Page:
way is that I don't want a huge hiccup on the test node to randomly throw up a failing test.
It will run fast most of the time since it is spinning.


was (Author: aweisberg):
Not done reviewing. Just wanted to drop a thought on design/performance. Right now it schedules
a monitoring task for every operation. This has a cost linear to the number of operations
and adds a contended queue with a not great queue implementation (priority queue). My wild
guess is that there may be a workload we care about that will highlight this. If we do our
jobs it should bottleneck eventually as it is shared state accessed for every single operation.

What I would suggest is inverting the process. Have a thread wake up periodically and walk
the list of in progress operations looking for ones that need to be timed out. You can store
the in progress operation in a thread local. When the thread local is created it inserts into
a COW array list that the monitoring thread can iterate. That way there is no mutation of
shared state and it only enters shared state periodically when the the monitoring thread walks
the list.

This alternative approach has a cost linear to the number of threads dispatching tasks and
almost no coherence cost.

Just to validate my understanding, when a query is aborted it either sends no response or
sends an error response? I just want to be sure that it doesn't silently claim there is no
more data.

ReadCommandVerbHandler constructs an OpState with a string that is the CQL command. It would
be nice not to have to do any string construction there and if we did maybe try and cache
it somehow.

In DroppableRunnable you switch from System.currentTimeMillis() to nanoTime(). I always looking
for opportunities to avoid getting the current time (get it once and pass it around). We grab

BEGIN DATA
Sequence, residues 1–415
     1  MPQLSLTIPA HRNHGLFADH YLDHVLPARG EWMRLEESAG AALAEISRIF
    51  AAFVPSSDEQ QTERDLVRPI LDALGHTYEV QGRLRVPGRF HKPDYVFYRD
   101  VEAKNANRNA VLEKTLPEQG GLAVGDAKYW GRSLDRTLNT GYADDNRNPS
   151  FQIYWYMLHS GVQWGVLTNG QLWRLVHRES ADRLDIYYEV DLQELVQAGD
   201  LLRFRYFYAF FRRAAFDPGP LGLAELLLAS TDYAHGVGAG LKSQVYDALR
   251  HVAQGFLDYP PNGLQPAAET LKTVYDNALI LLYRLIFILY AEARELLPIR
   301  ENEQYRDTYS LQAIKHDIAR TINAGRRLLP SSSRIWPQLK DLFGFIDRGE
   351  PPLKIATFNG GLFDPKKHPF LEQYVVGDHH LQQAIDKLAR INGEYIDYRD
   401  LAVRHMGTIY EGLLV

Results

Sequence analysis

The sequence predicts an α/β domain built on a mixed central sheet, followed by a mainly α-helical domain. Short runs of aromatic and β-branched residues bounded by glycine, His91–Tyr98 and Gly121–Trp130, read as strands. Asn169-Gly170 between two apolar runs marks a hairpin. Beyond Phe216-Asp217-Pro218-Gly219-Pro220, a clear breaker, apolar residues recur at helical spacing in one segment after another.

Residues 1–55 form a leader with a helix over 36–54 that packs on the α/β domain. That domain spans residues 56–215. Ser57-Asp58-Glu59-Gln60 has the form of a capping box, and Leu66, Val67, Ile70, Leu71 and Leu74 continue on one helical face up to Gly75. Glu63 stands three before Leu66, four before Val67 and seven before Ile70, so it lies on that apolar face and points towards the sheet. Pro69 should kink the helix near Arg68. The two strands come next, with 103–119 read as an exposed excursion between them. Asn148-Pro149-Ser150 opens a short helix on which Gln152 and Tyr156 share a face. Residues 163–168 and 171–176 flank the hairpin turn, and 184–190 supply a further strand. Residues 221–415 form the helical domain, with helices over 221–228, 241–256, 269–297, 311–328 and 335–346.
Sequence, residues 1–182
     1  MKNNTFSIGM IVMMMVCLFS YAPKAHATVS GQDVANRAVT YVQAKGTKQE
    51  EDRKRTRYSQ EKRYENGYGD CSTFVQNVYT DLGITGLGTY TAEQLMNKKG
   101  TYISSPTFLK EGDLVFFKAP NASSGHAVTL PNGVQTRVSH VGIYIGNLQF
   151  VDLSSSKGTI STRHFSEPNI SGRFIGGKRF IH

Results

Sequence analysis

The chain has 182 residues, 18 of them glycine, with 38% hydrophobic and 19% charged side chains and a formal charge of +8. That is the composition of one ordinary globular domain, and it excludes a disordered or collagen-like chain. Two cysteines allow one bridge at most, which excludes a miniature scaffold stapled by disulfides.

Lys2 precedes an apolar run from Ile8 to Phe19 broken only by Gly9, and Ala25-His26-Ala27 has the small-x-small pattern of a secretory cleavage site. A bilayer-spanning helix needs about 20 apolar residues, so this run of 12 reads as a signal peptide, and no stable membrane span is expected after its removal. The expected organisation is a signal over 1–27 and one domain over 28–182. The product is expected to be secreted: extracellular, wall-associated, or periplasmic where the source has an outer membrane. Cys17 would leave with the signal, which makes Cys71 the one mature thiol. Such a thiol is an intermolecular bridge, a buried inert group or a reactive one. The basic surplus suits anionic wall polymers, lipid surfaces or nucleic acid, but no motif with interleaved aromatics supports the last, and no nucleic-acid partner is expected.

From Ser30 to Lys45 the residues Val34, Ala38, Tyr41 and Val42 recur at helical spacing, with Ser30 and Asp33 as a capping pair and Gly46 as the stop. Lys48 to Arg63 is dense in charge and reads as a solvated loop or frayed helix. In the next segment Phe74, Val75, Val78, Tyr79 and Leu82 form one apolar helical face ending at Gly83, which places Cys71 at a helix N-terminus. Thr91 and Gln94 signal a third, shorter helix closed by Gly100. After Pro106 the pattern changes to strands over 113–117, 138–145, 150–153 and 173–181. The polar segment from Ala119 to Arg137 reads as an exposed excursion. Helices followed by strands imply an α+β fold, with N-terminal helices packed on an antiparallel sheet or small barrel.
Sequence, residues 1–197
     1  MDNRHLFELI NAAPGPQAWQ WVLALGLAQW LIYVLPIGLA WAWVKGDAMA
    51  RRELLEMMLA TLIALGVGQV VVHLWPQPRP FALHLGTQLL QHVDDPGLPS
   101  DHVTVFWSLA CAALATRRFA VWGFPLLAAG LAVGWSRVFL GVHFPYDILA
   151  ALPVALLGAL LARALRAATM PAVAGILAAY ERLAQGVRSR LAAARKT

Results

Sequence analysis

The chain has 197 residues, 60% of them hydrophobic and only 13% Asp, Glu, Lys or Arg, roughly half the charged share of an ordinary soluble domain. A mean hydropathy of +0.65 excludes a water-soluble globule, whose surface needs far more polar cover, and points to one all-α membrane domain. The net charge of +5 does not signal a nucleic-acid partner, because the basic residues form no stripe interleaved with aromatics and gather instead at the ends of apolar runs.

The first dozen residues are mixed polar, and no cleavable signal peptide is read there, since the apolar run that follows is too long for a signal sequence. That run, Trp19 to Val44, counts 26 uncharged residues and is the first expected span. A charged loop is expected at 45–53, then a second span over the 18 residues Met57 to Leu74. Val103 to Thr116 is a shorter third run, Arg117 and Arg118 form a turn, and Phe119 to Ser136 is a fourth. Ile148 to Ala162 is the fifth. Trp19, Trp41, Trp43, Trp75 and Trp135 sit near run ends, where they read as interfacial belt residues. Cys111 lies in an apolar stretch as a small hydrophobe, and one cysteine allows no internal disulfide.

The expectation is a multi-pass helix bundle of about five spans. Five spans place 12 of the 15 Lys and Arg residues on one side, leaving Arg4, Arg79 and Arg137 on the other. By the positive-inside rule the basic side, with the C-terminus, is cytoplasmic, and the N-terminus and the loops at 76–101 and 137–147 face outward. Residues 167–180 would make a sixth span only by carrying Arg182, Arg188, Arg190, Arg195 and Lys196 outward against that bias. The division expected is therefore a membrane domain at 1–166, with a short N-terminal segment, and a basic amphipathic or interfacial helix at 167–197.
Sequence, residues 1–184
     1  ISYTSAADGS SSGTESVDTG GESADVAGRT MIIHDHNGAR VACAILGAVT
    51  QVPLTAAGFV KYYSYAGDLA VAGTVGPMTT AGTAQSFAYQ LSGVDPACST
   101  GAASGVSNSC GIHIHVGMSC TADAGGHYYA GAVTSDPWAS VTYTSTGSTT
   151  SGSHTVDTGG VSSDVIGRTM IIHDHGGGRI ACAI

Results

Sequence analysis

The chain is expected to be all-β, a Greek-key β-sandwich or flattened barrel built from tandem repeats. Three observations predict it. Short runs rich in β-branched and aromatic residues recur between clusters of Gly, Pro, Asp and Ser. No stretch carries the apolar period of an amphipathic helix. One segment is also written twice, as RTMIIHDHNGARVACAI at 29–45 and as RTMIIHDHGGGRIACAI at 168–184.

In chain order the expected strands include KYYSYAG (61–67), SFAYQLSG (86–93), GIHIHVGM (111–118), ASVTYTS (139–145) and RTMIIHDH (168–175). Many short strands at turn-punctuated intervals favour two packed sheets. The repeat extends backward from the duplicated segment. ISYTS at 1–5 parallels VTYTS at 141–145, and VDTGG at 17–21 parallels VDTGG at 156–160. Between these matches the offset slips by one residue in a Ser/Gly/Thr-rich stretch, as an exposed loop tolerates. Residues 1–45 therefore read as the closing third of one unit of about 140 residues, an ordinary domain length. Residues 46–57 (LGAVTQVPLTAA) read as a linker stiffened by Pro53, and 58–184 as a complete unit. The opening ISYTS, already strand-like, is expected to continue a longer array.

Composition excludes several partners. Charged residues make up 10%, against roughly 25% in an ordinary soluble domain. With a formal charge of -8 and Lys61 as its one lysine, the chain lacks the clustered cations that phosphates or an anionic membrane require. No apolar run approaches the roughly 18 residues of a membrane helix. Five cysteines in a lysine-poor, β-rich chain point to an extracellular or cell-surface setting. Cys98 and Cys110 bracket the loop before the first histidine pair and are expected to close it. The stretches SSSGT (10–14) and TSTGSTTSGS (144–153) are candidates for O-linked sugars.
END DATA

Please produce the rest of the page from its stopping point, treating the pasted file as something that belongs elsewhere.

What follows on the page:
the time once when reading a message so theoretically if there has been no blocking you don't
need to grab it again if we had ponies.

WRT to OpState. Use unsafe instead of AtomicReferenceFieldUpdater. ATRFU is not super fast
last I heard. If you are in the business of looking to avoid extra objects/indirection is
it possible to stuff the fields inside an existing object that is present everywhere OpState
is already used? mixins where art thou.

The OpMonitoring tests don't wait long enough. I would write those to sleep, and then spin
for a looong time checking to see if the cancellation took place. The reason I write this
way is that I don't want a huge hiccup on the test node to randomly throw up a failing test.
It will run fast most of the time since it is spinning.

> Abort in-progress queries that time out
> ---------------------------------------
>
>                 Key: CASSANDRA-7392
>                 URL: https://issues.apache.org/jira/browse/CASSANDRA-7392
>             Project: Cassandra
>          Issue Type: New Feature
>          Components: Core
>            Reporter: Jonathan Ellis
>            Assignee: Stefania
>             Fix For: 3.x
>
>
> Currently we drop queries that time out before we get to them (because node is overloaded)
but not queries that time out while being processed.  (Particularly common for index queries
on data that shouldn't be indexed.)  Adding the latter and logging when we have to interrupt
one gets us a poor man's "slow query log" for free.